UK House Prices Soar 7.7% Across Year
The average price of a UK house rose by 10.9% across the year to April 2014, said Nationwide IBTimes TV

Nationwide said the pace of annual house price growth has hit double-digits for the first time in four years.

According to its monthly house price index, the average price of a home hit £183,577 in April – a 10.9% rise over the year.

A strengthening UK economic recovery coupled with government schemes to make mortgages cheaper have helped drive up house prices in recent months.

The sharp imbalance between demand and supply – with a serious shortage of affordable housing in some parts of the country – has also pushed up property values.

But financial regulators are trying to rein in risky mortgage lending with a tougher set of rules for the market following a review.

On a fixed-rate 5% mortgage with a 25 year lifespan, assuming you have a 10% deposit, to buy a home at the average Nationwide house price would mean monthly repayments of £972 a month. The average annual salary before tax works out to around £2,200 a month.

Lenders must apply strict affordability tests on potential borrowers to make sure they can afford the mortgages they take on.

This is a particular problem at the moment because the Bank of England is holding down interest rates.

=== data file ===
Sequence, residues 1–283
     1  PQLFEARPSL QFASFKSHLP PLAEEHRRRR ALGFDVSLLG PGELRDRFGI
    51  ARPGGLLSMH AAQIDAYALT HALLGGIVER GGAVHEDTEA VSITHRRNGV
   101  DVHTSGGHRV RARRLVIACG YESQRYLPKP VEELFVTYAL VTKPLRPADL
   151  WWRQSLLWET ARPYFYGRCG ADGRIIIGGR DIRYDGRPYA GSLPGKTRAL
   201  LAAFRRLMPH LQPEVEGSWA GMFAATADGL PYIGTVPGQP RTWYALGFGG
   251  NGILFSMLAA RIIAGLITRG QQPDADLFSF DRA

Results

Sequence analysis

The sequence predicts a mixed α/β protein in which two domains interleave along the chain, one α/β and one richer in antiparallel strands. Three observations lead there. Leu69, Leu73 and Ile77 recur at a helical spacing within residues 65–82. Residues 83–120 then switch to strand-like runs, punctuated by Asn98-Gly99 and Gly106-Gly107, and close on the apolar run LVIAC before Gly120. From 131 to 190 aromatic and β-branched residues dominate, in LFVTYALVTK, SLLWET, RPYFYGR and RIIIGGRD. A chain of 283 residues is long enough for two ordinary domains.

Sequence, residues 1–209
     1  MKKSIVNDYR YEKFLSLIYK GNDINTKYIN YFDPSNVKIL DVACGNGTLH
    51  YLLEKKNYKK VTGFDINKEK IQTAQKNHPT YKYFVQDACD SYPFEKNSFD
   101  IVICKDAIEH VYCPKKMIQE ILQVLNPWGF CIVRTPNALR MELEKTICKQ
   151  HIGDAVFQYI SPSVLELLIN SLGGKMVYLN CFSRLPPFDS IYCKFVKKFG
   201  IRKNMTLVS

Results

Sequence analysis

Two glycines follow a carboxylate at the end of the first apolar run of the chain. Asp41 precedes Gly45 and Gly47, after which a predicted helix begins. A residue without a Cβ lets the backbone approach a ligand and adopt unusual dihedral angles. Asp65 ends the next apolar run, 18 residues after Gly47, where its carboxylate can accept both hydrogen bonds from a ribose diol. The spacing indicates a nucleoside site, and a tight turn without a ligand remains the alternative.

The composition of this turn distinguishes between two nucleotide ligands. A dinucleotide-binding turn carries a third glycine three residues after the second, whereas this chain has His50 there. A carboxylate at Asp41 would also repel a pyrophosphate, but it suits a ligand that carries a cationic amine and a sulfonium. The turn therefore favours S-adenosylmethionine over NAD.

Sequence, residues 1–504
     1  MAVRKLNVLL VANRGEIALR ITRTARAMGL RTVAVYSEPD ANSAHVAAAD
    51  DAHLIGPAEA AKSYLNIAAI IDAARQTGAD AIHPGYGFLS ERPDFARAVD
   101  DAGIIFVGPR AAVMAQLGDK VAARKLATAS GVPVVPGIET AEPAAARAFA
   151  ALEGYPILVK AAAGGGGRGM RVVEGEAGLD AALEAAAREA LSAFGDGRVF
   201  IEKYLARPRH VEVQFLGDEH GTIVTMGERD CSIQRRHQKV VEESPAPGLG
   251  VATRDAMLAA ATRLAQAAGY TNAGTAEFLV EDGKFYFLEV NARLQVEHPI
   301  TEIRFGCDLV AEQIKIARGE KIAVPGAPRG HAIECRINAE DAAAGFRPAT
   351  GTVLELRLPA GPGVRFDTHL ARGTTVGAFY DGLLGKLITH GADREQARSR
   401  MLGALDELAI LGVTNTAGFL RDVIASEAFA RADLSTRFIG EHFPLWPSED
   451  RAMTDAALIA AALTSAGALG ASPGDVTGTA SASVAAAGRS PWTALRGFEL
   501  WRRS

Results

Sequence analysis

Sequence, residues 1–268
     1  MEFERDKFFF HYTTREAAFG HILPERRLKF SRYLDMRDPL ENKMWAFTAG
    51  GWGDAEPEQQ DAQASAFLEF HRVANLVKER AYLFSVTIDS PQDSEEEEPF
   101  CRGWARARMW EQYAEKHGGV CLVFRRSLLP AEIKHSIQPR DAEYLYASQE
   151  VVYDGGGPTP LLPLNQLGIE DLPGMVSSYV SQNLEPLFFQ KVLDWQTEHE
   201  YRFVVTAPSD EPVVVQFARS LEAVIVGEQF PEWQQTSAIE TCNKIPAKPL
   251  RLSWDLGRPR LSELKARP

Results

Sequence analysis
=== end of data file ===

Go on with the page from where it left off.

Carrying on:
When it decides to hike rates again, some fear it will trigger a wave of defaults as mortgage repayment costs increase following years of cheap credit.

"The introduction of Mortgage Market Review measures could have an impact on activity levels in the months ahead as the new measures bed down," said Robert Gardner, Nationwide's chief economist.

"However, underlying demand is likely to remain robust, as mortgage rates remain close to all-time lows and as consumer confidence improves further on the back of stronger labour market conditions and the brighter economic outlook.

"Earnings growth is beginning to pick up, with wage increases finally outpacing the rise in the cost of living in February. Nevertheless, house price growth is outstripping income growth by a wide margin. The risk is that unless supply accelerates significantly, affordability will become stretched."